Fig. 44. Bayesian consensus tree of the genus Phaeoacremonium as estimated from the combined act (∼260 bp) and tub2 (∼680 bp) regions. Bayesian posterior probability values and bootstrap support percentages are shown at the nodes. Support values of less than 0.7 posterior probability and 70 % bootstrap are not shown. Jattaea algeriensis, Calosphearia africana and Pleurostoma richardsiae were used as outgroups. GenBank accession numbers are listed in Spies et al. (2018). T indicates ex-type strains. TreeBASE: S22407.

Ascomata perithecial, aggregated or solitary, superficial to immersed, non-stromatic, globose to subglobose, dark, opaque, long-necked; necks straight or flexuous; ascomatal wall fragile to leathery, comprising two layers of textura angularis: outer layer brown to dark brown, with cells smaller and more rounded than those of inner layer; inner layer hyaline to pale brown, cells flattened. Paraphyses abundant, broadly cellular, slightly constricted at septa, branching, hyaline, slightly tapering apically or thread-like towards apex. Ascogenous hyphae hyaline, sometimes branched in basal region, elongating during ascal formation with remnant tissue from which single asci arise. Asci arising in acropetal succession, appearing spicate when mature, unitunicate, 8-spored, ascal apex thickened with a nonamyloid apical ring, basally bluntly obtuse, sessile. Ascospores hyaline, aseptate, allantoid, reniform, cylindrical or oblong-ellipsoidal, mostly biseriate or in a single row. Conidiophores branched in basal region or unbranched, arising from aerial or submerged hyphae, erect, nearly cylindrical when unbranched, slightly tapering, straight or flexuous, variable in length, up to 7-septate, mostly pale brown, paler towards tip, percurrent rejuvenation observed, small warts or verruculose ornamentation mostly at base, usually with one integrated terminal phialide and one or two additional, discrete phialides at uppermost septum. Conidiogenous cells phialidic, discrete or integrated, terminal or lateral, mostly monophialidic, sometimes polyphialidic, sparsely warted, verruculose or smooth, pale brown to hyaline, with an inconspicuous funnel-shaped collarette. Three distinct classes of phialides (Types I–III) can be observed. Conidia aggregated into round, slimy heads at apices of phialides, hyaline, aseptate, smooth-walled, oblong-ellipsoidal to obovate, cylindrical, allantoid or reniform, uncommonly fusiform-ellipsoidal or globose, becoming biguttulate with age.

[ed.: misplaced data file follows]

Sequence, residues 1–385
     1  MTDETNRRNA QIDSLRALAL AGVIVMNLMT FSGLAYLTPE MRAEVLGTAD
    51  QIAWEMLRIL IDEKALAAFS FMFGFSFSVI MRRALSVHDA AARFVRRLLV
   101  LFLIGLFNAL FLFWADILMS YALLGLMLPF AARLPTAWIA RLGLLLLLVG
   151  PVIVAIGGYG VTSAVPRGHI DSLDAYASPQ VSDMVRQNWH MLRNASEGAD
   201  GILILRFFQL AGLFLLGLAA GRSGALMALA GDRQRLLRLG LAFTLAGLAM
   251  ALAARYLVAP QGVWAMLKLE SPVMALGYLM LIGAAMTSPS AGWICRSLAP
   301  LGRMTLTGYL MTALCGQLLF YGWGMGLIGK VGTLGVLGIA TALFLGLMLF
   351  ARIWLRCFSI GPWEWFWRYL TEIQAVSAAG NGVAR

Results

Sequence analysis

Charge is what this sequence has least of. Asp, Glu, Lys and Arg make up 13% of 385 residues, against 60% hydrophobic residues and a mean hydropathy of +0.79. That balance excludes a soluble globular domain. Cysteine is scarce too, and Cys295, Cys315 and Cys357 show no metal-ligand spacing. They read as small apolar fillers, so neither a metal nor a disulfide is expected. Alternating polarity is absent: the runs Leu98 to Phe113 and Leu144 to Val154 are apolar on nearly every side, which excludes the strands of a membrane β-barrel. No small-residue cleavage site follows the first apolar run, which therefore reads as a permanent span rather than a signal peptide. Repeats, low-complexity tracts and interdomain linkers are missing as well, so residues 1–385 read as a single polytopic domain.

Culture characteristics: Colonies on MEA flat with entire margins, mostly moderately dense, predominantly felty, and sometimes woolly; brown, olive-grey, pale yellow to beige or pink to dark pink.

Optimal media and cultivation conditions: 2 % MEA to induce sporulation of asexual morph. Cultural characters that are useful to distinguish Phaeoacremonium species include colour of colonies on MEA, and yellow pigment production on PDA and OA. For the sexual morph 2 % WA is used with twice-autoclaved pieces of 3–4 cm of grapevine cane at 22 °C (GWA).

Distribution: Worldwide.